The interbank market is the market through which large banks transact with each other and determine the currency price that individual traders see on their trading platforms. These banks transact with each other on electronic brokering systems that are based upon credit. Only banks that have credit relationships with each other can engage in transactions. The larger the bank, the more credit relationships it has and the better the pricing it can access for its customers. The smaller the bank, the less credit relationships it has and the lower the priority it has on the pricing scale.

Banks, in general, act as dealers in the sense that they are willing to buy/sell a currency at the bid/ask price. One way that banks make money on the forex market is by exchanging currency at a premium to the price they paid to obtain it. Since the forex market is a decentralized market, it is common to see different banks with slightly different exchange rates for the same currency.

Hedgers

Some of the biggest clients of these banks are businesses that deal with international transactions. Whether a business is selling to an international client or buying from an international supplier, it will need to deal with the volatility of fluctuating currencies.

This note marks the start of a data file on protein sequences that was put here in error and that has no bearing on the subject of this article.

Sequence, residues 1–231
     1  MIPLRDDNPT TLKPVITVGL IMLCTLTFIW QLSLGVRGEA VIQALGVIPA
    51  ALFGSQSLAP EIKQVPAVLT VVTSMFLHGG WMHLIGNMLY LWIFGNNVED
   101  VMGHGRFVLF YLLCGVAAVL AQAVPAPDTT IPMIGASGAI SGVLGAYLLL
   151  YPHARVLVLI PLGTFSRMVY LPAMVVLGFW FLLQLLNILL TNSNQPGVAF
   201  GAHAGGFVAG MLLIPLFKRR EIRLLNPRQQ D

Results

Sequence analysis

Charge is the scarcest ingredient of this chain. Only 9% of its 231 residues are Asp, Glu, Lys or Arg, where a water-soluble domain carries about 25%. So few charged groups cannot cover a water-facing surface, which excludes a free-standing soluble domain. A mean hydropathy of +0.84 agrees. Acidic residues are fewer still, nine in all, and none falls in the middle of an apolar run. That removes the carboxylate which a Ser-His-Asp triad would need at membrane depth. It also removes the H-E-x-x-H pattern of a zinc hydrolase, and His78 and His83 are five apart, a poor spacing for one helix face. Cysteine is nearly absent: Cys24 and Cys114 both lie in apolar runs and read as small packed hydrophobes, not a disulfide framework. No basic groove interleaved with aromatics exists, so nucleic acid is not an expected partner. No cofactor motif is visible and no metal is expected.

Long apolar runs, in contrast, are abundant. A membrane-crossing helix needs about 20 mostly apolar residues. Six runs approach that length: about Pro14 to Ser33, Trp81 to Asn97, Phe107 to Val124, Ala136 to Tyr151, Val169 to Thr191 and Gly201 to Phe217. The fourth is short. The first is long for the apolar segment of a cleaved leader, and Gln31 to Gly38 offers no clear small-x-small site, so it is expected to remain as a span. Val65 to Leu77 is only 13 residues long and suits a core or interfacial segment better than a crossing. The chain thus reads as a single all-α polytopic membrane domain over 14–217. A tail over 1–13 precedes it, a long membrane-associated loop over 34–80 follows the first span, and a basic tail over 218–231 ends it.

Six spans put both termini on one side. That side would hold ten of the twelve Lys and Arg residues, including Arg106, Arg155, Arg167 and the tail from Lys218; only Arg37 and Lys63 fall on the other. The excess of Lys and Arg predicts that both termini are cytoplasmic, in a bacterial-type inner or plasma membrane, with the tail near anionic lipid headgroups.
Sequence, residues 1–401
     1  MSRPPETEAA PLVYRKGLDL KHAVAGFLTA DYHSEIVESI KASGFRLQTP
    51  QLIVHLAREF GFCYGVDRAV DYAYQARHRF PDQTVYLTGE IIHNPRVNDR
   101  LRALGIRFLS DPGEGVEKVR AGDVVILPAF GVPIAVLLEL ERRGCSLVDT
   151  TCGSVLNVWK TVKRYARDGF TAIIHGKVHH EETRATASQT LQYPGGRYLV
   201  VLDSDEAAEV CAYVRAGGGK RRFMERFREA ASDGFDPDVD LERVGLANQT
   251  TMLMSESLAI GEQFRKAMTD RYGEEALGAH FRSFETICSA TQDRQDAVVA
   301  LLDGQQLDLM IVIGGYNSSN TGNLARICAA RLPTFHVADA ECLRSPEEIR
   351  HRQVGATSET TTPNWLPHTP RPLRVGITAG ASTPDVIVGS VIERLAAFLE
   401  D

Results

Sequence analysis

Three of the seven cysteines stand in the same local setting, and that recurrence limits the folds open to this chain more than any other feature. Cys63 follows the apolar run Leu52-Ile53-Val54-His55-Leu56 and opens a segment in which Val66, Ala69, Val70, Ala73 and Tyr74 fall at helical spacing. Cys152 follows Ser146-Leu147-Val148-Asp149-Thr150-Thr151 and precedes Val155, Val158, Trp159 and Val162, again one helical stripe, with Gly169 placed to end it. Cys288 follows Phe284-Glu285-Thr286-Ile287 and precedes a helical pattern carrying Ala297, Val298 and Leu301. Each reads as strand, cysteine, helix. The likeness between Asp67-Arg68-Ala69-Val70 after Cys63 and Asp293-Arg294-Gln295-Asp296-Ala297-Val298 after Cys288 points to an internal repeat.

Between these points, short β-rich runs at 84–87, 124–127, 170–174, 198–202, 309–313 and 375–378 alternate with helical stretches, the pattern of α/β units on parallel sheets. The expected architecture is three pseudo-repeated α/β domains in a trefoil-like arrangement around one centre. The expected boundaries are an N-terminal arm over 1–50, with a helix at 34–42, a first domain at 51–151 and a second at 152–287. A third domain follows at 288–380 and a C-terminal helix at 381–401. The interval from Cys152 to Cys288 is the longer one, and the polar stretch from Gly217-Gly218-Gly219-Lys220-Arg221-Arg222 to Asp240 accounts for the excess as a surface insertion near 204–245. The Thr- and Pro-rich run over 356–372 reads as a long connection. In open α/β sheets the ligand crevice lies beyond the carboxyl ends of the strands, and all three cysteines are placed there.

If there is one thing that management (and shareholders) detest, it is uncertainty. Having to deal with foreign-exchange risk is a big problem for many multinationals. For example, suppose that a German company orders some equipment from a Japanese manufacturer to be paid in yen one year from now. Since the exchange rate can fluctuate wildly over an entire year, the German company has no way of knowing whether it will end up paying more euros at the time of delivery.

One choice that a business can make to reduce the uncertainty of foreign-exchange risk is to go into the spot market and make an immediate transaction for the foreign currency that they need.

Unfortunately, businesses may not have enough cash on hand to make spot transactions or may not want to hold massive amounts of foreign currency for long periods of time. Therefore, businesses quite frequently employ hedging strategies in order to lock in a specific exchange rate for the future or to remove all sources of exchange-rate risk for that transaction.